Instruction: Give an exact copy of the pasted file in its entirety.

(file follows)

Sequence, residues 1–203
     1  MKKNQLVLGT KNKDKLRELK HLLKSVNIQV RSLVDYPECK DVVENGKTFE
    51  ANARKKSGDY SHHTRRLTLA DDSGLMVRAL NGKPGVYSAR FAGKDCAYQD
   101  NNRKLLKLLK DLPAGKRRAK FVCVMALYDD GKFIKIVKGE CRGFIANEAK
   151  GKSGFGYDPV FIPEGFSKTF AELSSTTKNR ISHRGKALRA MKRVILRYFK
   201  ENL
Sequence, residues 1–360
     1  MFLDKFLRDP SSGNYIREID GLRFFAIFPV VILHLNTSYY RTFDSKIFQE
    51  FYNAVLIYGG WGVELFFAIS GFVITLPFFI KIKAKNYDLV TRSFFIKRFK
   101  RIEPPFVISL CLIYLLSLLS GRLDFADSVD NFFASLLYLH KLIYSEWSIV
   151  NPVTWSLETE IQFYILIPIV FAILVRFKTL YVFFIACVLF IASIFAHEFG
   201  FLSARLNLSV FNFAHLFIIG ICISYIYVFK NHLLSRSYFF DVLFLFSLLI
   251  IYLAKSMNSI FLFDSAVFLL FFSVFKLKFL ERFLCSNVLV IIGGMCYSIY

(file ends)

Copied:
Sequence, residues 1–203
     1  MKKNQLVLGT KNKDKLRELK HLLKSVNIQV RSLVDYPECK DVVENGKTFE
    51  ANARKKSGDY SHHTRRLTLA DDSGLMVRAL NGKPGVYSAR FAGKDCAYQD
   101  NNRKLLKLLK DLPAGKRRAK FVCVMALYDD GKFIKIVKGE CRGFIANEAK
   151  GKSGFGYDPV FIPEGFSKTF AELSSTTKNR ISHRGKALRA MKRVILRYFK
   201  ENL
Sequence, residues 1–360
     1  MFLDKFLRDP SSGNYIREID GLRFFAIFPV VILHLNTSYY RTFDSKIFQE
    51  FYNAVLIYGG WGVELFFAIS GFVITLPFFI KIKAKNYDLV TRSFFIKRFK
   101  RIEPPFVISL CLIYLLSLLS GRLDFADSVD NFFASLLYLH KLIYSEWSIV
   151  NPVTWSLETE IQFYILIPIV FAILVRFKTL YVFFIACVLF IASIFAHEFG
   201  FLSARLNLSV FNFAHLFIIG ICISYIYVFK NHLLSRSYFF DVLFLFSLLI
   251  IYLAKSMNSI FLFDSAVFLL FFSVFKLKFL ERFLCSNVLV IIGGMCYSIY